Netflix’s new rule is designed to cut through these bureaucratic entanglements and make it easier for new parents by simply continuing to pay employees their normal salary throughout the year after their child’s birth or adoption.
“Parents can return part-time, full-time, or return and then go back out as needed”, the statement continued.
This was announced on Tuesday and has been touted as one of the most generous parental leave packages offered by a tech company thus far. “Netflix’s continue success hinges on us competing for and keeping the most talented individuals in their field”, the post reads.
In an industry where the demand for top talent is way larger than the supply, technology companies have to offer the best benefits they can to retain the best people in their ranks.
Having said that, we’ve got to remember that Netflix is introducing this policy in a country where there is no legal requirement whatsoever for companies to offer paid maternity or paternity leave, of any kind.
Outside of the well-funded tech world, parental leave in the United States still trails other developed countries. The Family and Medical Leave Act of 1993 only mandates employers provide job-protected leave for 12 weeks to take care of a child.
Netflix officials said they want to support employees during changes in their lives and return to work more focused and dedicated.
San Francisco and Silicone Valley have been in the vanguard of offering generous family leave, but Netflix’s policy sets a new high.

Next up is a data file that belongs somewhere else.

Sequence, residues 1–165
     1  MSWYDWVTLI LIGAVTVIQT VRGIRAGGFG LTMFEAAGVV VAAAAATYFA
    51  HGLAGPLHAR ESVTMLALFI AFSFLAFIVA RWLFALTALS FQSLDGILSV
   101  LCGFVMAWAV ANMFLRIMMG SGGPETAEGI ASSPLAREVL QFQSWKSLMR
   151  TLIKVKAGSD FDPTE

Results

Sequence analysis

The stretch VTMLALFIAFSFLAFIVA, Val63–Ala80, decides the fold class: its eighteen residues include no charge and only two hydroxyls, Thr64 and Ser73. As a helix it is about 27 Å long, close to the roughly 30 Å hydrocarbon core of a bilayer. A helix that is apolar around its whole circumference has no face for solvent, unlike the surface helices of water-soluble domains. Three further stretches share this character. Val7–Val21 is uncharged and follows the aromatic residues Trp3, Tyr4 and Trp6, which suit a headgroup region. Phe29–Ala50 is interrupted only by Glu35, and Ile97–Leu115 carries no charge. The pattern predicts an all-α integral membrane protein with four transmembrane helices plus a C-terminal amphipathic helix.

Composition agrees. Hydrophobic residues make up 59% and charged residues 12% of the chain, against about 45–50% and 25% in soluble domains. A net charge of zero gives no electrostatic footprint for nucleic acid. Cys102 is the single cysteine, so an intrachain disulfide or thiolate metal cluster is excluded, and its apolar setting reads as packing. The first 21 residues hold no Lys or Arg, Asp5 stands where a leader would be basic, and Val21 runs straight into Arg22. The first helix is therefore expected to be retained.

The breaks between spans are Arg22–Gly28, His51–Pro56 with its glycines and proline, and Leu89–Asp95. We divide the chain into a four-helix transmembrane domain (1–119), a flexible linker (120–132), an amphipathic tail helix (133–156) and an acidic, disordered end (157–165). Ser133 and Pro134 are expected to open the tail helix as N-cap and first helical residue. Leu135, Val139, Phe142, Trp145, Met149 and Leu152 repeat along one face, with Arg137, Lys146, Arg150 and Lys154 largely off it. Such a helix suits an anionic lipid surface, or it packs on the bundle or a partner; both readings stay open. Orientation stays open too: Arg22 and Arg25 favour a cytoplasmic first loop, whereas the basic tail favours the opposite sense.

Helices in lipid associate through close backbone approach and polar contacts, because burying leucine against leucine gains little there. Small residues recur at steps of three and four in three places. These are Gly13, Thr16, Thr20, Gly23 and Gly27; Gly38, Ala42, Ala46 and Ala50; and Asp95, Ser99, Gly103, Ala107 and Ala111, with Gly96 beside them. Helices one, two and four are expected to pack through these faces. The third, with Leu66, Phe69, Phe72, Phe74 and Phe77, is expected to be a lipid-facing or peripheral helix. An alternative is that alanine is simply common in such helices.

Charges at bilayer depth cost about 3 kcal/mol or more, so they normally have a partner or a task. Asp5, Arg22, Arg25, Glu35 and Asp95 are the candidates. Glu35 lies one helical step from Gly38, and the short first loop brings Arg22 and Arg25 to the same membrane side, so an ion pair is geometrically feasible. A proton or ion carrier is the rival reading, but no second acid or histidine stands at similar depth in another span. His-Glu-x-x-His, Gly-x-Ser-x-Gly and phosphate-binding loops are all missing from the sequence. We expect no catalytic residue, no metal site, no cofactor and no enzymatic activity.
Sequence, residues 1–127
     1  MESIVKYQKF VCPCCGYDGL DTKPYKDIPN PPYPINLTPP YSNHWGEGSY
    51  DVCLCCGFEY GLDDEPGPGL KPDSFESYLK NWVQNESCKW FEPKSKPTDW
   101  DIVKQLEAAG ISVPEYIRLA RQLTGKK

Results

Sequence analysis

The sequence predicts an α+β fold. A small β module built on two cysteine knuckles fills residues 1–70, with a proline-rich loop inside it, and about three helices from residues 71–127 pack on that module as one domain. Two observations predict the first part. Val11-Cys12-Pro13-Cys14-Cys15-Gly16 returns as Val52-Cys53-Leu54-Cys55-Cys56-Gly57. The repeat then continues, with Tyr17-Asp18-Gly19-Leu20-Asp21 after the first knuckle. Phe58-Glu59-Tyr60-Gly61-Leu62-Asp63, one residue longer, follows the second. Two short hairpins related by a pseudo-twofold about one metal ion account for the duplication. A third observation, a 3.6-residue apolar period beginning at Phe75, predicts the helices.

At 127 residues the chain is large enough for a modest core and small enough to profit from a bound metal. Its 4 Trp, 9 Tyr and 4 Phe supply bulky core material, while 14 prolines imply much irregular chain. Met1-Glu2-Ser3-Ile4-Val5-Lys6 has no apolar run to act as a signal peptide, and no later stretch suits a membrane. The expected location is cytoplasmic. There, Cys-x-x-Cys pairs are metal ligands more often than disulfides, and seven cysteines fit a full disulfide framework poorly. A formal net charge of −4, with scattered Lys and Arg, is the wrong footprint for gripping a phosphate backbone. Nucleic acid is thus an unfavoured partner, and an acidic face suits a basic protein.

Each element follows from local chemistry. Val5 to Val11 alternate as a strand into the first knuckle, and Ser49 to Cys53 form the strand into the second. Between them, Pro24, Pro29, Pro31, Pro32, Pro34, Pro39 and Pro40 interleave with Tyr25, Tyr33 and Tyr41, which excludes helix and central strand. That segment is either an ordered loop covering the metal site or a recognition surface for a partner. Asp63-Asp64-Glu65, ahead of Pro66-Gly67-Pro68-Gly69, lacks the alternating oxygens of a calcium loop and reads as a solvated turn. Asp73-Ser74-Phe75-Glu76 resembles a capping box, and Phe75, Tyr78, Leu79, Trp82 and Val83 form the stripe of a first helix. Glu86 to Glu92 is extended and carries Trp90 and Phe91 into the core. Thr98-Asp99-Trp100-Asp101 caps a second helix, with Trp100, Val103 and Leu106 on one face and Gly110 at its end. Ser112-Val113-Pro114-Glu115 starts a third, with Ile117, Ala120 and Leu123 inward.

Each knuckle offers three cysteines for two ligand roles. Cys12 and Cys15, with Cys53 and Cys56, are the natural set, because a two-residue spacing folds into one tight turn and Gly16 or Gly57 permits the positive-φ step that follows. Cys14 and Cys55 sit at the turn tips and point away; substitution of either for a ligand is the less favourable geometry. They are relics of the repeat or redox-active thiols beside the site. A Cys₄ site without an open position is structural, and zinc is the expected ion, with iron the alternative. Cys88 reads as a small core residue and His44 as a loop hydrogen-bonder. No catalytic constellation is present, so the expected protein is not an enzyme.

President Barack Obama in January directed federal agencies to offer six weeks of paid leave to their employees when they become new parents as part of a broader push to extend parental leave for U.S. workers.
“Every company has to balance their budget what they can afford, losing an employee costs money, so I don’t think every company can afford to do it”, Leitner said.
While it could push some companies to follow in its footsteps, for others it will not be possible.
The policy will apply to the first year that a child is born or adopted. “For those that want to implement what people call unlimited or untracked leave, the issue would really be looking at what your employee population is like”, Pamela Salgado, a shareholder at Littler Mendelson, told CorpCounsel.com. This removes any confusion and employees can be happy that the company is supportive.
Nestle SA, Johnson & Johnson, Blackstone Group LP and Vodafone Group Plc expanded their benefits for new mothers and fathers this year, though none made them unlimited.